UNION BANK & TRUST CO. OF LOS ANGELES v. LOS ANGELES COUNTY et al.†
DAVIES v. LAMPTON et al.
The plaintiff in intervention has suffered a wrong; he has not received $10,000 which should have been turned over to him. The trial court determined that the wrong may not be remedied by a judgment against either the defendant Lampton, Los Angeles county clerk and ex officio clerk of the Los Angeles county superior court, or the surety on his bond, a conclusion with which we agree.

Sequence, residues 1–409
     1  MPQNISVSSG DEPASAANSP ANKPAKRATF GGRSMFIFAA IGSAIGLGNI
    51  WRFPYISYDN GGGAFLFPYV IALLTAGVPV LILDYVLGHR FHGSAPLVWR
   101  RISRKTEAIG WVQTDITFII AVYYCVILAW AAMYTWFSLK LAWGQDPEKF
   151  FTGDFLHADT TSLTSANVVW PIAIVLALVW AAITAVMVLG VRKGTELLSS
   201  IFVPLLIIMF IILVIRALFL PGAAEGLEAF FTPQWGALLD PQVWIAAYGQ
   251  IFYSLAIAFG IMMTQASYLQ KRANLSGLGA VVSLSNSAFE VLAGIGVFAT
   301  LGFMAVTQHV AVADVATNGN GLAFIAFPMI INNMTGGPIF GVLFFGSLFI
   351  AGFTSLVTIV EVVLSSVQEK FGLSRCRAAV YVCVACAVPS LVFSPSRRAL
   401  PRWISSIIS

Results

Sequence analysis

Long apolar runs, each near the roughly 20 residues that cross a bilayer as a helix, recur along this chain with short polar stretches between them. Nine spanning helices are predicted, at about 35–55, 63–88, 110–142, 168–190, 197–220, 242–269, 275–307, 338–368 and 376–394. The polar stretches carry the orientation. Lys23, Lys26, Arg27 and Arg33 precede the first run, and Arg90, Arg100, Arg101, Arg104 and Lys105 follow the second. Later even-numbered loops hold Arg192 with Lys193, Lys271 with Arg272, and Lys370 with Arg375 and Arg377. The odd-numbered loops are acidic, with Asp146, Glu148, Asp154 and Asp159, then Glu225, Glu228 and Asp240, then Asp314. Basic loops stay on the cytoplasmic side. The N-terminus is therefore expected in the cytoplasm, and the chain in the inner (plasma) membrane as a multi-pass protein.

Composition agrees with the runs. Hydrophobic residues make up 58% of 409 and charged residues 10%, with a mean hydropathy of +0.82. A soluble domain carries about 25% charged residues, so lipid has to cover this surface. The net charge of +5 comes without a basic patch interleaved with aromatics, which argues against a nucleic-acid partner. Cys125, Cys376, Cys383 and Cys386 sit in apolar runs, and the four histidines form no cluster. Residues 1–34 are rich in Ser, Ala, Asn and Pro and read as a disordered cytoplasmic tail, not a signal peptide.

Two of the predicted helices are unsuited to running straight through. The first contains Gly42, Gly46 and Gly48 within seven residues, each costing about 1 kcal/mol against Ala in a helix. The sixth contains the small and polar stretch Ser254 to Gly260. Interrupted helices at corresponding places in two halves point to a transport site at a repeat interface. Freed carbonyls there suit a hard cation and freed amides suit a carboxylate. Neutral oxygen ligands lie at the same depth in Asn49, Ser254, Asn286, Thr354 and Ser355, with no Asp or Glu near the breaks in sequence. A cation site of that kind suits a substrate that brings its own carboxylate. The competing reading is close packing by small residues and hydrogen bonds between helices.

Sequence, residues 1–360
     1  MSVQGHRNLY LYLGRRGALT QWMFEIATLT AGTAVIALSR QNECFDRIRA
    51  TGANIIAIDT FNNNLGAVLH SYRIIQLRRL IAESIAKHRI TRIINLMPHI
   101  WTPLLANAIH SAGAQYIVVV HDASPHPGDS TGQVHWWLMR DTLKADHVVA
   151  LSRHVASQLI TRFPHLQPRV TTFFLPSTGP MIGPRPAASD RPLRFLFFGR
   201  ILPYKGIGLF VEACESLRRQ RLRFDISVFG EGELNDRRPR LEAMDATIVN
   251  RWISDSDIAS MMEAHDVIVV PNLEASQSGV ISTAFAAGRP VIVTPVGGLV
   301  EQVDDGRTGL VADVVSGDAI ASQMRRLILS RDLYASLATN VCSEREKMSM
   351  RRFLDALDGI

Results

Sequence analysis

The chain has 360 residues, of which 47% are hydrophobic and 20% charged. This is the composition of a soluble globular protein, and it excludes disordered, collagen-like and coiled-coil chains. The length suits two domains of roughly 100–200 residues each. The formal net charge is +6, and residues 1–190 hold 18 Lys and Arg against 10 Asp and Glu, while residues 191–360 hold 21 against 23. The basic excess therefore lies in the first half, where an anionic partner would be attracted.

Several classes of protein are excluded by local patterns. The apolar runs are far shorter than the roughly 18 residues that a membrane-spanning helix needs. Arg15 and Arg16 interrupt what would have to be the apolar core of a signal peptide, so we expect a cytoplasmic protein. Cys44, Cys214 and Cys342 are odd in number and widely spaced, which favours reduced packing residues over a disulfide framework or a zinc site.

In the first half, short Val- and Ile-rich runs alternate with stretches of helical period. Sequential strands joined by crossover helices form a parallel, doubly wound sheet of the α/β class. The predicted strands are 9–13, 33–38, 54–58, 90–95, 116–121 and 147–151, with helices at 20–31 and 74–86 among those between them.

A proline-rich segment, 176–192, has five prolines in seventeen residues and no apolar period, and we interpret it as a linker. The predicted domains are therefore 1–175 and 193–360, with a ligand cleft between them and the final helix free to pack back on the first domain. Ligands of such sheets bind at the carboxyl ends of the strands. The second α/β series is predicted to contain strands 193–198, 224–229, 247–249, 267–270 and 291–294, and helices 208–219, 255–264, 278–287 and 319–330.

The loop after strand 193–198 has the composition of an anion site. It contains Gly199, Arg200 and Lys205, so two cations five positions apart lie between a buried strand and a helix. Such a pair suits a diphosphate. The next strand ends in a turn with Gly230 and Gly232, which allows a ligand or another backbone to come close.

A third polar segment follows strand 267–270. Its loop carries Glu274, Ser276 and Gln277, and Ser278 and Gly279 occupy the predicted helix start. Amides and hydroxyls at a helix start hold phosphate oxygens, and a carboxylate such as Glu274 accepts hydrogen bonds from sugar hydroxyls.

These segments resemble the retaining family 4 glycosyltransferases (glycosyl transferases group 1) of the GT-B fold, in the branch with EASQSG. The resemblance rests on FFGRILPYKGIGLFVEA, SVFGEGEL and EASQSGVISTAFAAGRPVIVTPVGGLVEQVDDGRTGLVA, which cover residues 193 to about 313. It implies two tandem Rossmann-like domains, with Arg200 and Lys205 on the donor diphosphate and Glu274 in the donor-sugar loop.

During the trial of a criminal case in the Los Angeles county superior court, seventy–five $1,000 bills were introduced in evidence. The deputy clerk of the trial department received and marked the bills as exhibits in the case and thereafter, when the occasion for their presence as exhibits had passed, placed them in the hands of the chief deputy in defendant Lampton's office. For some time the practice had been followed, under defendant Lampton's direction, of having all exhibits worth more than $100 placed in a safe deposit box in a bank, the keys to which were intrusted to defendant Lampton's chief deputy to whom, under the division of office duties, had been delegated responsibility for safeguarding exhibits. The chief deputy placed the seventy–five $1,000 bills in the safe deposit box, then withdrew them and used them for his own purposes, with the result that they were not available when the plaintiff in intervention presented his claim for ten of them. On these facts plaintiff in intervention sought judgment for $10,000 against Lampton and the surety on his official bond. The trial court's entry of judgment for the defendants was followed by this appeal, taken by the plaintiff in intervention.